Challenging the Home Secretary’s review of the way payments are calculated for asylum seekers

Case name: R (Nyamayaro and Okolo) v The Secretary of State for the Home Department

An asylum seeker lost 30 per cent of her financial support after the Home Office changed how it calculates payments. She raised a Judicial Review, which was unsuccessful. She appealed. We intervened in the case because we were concerned that the Home Secretary hadn’t given enough consideration to the impact on human rights or equality laws.

Legal issue

Is the amount of asylum support payable discriminatory following the Home Secretary’s review of the way payments are calculated?

Background

The claimant was an asylum seeker and single mother of three children.

A change in the Home Office methodology for calculating financial support for asylum seekers meant her payments were reduced by 30 per cent.

She raised a Judicial Review to challenge the Home Office. We intervened in the case but she was unsuccessful. She was given permission to appeal the decision.

Why we were involved

There are around 45,000 asylum seekers in the UK. They are entitled to very minimal support and the changed method of calculating their support had potential to leave many even worse off.

We were concerned that the Home Secretary had not properly considered equality laws or asylum seekers’ human rights and wanted to make sure that O and others weren’t being discriminated against.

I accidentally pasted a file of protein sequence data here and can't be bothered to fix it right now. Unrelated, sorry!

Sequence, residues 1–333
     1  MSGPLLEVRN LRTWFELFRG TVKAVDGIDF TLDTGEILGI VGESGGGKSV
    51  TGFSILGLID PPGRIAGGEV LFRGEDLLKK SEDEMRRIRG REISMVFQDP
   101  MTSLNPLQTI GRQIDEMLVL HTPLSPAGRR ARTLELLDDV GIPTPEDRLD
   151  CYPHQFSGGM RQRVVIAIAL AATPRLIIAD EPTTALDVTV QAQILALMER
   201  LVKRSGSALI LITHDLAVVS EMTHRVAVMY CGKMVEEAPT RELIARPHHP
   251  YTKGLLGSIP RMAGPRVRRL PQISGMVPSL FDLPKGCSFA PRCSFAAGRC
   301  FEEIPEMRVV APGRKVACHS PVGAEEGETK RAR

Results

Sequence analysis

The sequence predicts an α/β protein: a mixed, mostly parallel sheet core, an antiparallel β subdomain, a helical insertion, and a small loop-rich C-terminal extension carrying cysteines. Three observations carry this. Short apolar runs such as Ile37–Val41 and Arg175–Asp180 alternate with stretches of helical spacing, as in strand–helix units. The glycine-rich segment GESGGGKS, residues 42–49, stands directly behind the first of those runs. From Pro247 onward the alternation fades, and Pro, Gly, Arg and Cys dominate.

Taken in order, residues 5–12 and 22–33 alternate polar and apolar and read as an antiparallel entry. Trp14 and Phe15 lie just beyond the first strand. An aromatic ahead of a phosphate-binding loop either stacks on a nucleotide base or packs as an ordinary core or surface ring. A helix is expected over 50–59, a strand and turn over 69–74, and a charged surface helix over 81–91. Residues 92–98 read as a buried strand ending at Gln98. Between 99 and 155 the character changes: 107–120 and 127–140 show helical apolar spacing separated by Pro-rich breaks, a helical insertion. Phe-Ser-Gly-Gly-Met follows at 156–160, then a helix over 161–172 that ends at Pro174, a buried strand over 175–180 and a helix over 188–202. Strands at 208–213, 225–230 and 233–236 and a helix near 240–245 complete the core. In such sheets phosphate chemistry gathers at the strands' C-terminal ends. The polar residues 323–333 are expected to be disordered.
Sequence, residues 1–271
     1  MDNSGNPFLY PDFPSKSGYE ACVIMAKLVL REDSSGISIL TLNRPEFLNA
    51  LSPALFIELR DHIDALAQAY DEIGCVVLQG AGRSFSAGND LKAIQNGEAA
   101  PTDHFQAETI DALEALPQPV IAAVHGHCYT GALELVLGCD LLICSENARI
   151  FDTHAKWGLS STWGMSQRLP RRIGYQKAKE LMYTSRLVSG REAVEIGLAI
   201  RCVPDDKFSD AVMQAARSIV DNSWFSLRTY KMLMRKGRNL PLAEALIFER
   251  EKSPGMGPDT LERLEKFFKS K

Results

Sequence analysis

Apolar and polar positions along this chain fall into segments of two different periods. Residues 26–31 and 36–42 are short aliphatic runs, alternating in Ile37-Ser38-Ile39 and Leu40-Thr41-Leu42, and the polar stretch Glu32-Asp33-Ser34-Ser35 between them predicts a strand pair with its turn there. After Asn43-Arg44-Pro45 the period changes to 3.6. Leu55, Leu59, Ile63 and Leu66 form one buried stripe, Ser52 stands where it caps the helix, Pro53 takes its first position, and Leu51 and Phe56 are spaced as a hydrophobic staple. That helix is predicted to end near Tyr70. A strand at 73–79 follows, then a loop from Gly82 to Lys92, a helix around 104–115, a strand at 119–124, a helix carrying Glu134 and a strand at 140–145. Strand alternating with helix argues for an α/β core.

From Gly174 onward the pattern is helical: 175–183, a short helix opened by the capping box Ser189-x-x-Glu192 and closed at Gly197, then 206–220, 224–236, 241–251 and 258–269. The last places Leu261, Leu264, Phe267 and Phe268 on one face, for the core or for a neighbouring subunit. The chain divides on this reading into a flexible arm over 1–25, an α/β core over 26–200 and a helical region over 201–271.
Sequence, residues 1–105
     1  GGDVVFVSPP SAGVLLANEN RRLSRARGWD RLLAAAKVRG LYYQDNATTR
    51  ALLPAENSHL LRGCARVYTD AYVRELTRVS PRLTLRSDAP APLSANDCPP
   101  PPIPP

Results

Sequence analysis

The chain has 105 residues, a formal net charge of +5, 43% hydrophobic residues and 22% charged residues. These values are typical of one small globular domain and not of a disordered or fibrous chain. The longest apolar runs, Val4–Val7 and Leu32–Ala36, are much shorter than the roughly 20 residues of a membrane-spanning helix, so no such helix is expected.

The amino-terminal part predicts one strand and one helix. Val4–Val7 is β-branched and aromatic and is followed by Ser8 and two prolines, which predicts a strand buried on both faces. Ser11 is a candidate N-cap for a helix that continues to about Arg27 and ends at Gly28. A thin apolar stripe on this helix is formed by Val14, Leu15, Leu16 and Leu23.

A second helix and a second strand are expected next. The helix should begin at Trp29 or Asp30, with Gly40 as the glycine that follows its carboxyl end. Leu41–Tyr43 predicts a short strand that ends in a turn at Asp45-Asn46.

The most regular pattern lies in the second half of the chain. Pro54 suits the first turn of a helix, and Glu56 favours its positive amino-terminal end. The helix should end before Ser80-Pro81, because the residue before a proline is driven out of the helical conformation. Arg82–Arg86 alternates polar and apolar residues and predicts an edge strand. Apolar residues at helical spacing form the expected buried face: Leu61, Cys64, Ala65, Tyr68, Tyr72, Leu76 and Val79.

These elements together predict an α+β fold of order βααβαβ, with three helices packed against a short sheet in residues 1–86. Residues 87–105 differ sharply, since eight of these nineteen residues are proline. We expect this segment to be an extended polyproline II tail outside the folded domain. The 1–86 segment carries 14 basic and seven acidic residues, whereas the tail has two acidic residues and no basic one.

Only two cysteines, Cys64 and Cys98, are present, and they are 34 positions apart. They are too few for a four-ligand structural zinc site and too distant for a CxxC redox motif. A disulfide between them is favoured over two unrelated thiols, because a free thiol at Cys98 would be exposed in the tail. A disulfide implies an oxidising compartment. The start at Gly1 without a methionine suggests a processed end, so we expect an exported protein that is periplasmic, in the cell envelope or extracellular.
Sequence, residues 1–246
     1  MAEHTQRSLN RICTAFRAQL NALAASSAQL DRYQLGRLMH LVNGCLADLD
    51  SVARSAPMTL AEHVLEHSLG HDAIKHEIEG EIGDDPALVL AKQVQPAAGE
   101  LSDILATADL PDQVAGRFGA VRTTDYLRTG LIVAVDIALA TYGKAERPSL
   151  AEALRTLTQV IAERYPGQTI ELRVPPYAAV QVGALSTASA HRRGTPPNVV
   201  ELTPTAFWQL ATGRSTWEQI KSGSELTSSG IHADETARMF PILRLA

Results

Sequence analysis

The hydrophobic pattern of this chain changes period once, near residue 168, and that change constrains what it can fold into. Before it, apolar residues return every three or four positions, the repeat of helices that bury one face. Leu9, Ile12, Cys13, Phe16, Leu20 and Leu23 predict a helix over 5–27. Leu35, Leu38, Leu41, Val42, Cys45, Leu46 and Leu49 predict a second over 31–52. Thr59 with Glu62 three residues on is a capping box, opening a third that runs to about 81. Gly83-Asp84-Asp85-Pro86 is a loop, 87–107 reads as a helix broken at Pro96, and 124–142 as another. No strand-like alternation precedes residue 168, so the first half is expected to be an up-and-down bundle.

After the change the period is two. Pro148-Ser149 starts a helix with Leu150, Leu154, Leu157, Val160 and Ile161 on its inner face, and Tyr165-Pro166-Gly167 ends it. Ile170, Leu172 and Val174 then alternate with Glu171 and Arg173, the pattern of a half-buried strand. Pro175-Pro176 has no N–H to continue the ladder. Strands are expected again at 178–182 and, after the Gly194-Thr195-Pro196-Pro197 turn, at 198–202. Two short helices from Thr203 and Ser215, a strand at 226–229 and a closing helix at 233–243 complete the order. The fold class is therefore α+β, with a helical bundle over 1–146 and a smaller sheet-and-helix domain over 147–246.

We used our powers to intervene in the case in the Court of Session (Inner House), arguing that the Home Secretary had not paid enough attention to protecting human rights or to the public sector equality duty. This requires all public bodies to consider the need to eliminate discrimination.

What we did

We used our powers to intervene in the case, arguing that the Home Secretary had not paid enough attention to protecting human rights or to the public sector equality duty. This requires all public bodies to consider the need to eliminate discrimination.

What happened

Despite the woman's case being unsuccessful, the court agreed that the PSED plays an important role in preventing discrimination.

Who will benefit and how

Increased awareness of the duty will encourage judges to give PSED more thought and in future could help anyone who is a victim of discrimination by a public body.

Date of hearing

Date of outcome